We'll also need to look at how extensions are vetted and published (e.g., a registry). The former is needed to ensure good mapping back to the RIM. The latter is necessary because an extension is useless if you cannot find it.
I'm hearing a couple of different viewpoints on timing about FHIR. This can be implemented quickly, and we need it yesterday, and should get it published as soon as possible is one view. Another view is that we'll have a draft for comment this summer (for the fall HL7 ballot), and that it may take a few cycles to pass thereafter, so 2 years is not an unreasonable time frame. From my own viewpoint, FHIR is strategic, not tactical. We need to do it right, but we should also build fail fast into the program.
The project team plans on issuing FHIR as a complete standard, not separate chunks where this chunk comes from Pharamacy, and that one from Patient Care, and that one from O&O over a particular time period. I'm very happy with this approach, as it brings us back to the original V2 roots where you could actually get the entire standard in one document. However, I think that core components may need to be prioritized so that key things are done first, and iterations address lower priorities in later stages.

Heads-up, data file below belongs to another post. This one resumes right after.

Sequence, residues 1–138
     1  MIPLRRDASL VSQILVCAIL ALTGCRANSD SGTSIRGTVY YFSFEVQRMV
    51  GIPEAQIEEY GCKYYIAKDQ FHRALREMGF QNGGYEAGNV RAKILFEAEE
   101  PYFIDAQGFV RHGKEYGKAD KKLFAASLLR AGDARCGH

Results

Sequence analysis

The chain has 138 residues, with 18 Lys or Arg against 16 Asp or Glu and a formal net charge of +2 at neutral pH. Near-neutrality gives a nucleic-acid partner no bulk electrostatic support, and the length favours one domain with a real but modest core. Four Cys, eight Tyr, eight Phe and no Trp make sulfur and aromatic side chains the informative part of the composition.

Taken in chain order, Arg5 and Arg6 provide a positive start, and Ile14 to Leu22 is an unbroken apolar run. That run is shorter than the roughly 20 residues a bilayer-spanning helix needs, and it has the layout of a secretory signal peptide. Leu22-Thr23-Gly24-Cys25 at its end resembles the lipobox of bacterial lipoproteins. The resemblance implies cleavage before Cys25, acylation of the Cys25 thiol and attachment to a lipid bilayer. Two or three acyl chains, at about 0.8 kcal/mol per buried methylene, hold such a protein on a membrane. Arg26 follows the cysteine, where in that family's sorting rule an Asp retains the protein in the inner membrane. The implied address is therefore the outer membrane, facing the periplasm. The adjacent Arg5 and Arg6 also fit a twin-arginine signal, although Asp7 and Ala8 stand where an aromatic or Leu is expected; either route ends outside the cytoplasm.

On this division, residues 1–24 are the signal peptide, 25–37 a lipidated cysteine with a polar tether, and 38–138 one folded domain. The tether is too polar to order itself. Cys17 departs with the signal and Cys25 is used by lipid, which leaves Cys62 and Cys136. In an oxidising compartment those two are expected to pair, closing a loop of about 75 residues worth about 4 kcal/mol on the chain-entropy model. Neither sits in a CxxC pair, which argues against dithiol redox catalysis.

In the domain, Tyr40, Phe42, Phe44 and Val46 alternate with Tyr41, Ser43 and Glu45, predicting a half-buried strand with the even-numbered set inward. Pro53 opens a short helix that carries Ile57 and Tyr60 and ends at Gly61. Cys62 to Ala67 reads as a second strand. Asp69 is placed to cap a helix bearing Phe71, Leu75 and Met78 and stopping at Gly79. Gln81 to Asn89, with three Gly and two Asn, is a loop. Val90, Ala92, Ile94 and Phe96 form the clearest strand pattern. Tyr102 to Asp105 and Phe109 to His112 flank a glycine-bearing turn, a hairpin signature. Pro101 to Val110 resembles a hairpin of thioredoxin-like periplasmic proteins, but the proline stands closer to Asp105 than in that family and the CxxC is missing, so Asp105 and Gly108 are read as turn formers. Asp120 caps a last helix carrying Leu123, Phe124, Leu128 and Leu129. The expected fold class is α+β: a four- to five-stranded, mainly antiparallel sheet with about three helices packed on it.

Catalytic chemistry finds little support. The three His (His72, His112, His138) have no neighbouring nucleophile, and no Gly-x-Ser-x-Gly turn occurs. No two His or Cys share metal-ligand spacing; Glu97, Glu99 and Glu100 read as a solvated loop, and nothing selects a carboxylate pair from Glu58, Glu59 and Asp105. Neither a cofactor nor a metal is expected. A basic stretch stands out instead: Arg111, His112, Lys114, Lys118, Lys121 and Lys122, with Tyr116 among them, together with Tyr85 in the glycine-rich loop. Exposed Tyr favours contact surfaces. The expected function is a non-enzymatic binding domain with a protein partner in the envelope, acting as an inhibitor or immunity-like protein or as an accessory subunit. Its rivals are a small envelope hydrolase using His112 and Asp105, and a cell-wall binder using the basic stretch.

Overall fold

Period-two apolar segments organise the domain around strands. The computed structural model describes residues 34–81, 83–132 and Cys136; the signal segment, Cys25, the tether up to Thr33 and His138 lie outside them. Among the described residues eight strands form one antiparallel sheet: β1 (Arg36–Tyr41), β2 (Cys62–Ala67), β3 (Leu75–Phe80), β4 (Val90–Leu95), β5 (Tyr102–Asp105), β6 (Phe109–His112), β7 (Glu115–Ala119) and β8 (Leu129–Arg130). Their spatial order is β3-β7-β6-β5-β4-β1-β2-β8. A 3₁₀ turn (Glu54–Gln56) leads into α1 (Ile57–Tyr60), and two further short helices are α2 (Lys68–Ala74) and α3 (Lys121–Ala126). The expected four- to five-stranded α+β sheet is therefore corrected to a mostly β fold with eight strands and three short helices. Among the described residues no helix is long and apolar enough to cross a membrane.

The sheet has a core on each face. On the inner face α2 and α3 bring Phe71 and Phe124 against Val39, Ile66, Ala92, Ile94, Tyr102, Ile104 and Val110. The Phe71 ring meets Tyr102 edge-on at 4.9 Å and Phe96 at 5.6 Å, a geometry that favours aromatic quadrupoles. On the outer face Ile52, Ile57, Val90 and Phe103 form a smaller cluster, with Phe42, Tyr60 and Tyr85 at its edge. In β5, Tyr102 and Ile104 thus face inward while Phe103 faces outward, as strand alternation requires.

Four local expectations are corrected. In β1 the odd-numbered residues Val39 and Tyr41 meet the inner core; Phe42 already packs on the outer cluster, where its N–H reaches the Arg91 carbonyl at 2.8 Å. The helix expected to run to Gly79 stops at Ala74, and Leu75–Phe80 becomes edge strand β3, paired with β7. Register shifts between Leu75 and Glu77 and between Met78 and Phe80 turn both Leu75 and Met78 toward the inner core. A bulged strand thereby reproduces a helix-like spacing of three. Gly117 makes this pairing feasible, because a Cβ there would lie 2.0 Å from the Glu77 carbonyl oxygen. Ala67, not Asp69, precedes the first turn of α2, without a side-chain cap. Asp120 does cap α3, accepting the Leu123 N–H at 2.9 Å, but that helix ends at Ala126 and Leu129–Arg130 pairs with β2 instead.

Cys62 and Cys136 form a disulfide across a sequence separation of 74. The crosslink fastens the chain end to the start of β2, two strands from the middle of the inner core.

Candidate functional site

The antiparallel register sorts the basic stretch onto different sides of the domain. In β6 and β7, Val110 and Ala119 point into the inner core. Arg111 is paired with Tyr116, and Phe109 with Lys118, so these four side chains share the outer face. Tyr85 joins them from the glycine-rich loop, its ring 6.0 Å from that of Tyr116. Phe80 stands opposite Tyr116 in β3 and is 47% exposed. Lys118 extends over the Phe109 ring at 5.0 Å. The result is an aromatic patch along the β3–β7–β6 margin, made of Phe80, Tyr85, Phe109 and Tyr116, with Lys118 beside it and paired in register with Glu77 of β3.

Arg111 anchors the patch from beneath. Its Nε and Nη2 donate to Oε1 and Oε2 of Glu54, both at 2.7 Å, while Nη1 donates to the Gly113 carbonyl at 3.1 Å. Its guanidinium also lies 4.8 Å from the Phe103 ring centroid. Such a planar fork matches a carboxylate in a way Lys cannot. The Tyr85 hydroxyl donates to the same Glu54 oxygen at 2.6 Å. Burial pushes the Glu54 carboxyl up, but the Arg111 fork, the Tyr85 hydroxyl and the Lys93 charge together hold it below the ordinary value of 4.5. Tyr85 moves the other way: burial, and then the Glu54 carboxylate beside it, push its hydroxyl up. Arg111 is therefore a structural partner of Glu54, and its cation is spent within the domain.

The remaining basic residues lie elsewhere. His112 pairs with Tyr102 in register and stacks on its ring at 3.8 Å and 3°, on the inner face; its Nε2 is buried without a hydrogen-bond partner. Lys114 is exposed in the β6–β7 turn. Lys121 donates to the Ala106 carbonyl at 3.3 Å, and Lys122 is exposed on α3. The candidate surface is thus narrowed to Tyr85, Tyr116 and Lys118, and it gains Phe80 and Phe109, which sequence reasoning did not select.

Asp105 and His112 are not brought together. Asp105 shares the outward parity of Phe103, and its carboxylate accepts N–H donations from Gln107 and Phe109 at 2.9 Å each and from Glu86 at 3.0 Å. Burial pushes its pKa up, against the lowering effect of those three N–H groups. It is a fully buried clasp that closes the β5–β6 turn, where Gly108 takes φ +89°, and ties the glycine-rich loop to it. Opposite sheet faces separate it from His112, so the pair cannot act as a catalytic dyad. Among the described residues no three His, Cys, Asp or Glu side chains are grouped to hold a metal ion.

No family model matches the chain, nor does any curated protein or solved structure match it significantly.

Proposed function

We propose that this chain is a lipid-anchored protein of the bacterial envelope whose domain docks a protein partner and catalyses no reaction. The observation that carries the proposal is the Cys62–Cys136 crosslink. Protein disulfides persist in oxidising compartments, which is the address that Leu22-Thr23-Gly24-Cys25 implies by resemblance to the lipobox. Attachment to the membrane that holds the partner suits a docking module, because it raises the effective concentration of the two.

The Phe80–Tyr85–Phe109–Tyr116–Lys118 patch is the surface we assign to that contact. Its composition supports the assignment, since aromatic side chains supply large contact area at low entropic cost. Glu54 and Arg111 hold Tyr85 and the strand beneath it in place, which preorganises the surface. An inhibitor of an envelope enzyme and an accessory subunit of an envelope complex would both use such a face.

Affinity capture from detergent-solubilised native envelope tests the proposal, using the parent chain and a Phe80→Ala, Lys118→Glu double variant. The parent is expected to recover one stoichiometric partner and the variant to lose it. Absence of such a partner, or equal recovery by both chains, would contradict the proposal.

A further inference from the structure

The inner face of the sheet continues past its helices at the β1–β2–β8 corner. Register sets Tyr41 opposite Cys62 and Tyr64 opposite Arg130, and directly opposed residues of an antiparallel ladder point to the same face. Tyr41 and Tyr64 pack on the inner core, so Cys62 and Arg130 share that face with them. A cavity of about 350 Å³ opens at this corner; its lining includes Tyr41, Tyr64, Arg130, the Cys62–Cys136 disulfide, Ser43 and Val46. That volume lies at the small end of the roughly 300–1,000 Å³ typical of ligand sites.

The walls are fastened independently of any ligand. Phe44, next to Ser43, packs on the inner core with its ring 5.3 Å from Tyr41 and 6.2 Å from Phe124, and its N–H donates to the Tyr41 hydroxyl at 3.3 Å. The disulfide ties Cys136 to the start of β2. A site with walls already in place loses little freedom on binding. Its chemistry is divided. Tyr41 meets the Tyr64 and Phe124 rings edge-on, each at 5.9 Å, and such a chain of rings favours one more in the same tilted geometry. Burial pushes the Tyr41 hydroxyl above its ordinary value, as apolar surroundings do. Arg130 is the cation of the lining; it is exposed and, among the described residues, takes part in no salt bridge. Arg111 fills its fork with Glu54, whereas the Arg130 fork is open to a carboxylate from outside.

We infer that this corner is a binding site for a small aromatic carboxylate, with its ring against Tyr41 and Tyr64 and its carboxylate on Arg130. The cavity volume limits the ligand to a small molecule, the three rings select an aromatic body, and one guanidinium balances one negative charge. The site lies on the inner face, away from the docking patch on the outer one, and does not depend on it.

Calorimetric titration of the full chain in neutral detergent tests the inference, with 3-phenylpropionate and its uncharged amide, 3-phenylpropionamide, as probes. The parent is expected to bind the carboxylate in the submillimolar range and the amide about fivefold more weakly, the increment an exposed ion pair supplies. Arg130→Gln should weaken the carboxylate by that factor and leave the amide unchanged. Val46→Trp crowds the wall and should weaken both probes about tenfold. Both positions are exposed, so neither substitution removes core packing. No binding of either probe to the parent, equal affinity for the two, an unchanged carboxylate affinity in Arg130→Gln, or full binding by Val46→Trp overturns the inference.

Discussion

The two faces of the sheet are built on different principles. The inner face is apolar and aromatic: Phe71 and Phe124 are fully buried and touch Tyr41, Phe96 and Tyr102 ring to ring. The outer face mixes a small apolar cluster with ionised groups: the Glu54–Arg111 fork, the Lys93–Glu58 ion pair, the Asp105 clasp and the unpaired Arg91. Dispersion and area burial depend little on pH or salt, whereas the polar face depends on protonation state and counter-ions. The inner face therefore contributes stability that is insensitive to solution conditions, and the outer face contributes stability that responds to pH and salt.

No matter how it is done, neither I nor the project team expects to see massive migration to FHIR next year. In fact, V2 will probably be with us for decades while it is still up to the demands being placed upon it. Where FHIR will shine is in green fields, and I note an especial interest from the mHealth community in where it is going. I don't think we need to drop everything and take up FHIR for Meaningful Use Stage 3 (rushing this kind innovation is not a good idea), but I do think we need to be paying attention.
What I Like
It's simple. It requires few tools to create. It has some rules about how the XML looks that make sense. It focuses on implementers. It explains why something appears in a resource, linking requirements to specifications.
What I Don't Like
It's new. It has people excited. It will change Healthcare IT. I didn't think of it.
Actually, I don't know what I don't like because I haven't been involved deeply, yet. That's about to change because no matter what happens...
A Prediction and a Prehumous Award
FHIR will emerge as a new standard, and will be very dangerous. It applies many of the lessons of Christensen's "The Innovators Dilemma" to Health IT Standards. Pay it no attention to your own peril.
This certifies that
Grahame Grieve, Health Intersections
Has hereby been recognized for outstanding contributions to the forwarding of Healthcare Standardization by setting a FHIR under HL7
These awards aren't given out lightly, and to give one of these out in advance of the work being completed should mean something. Listen up.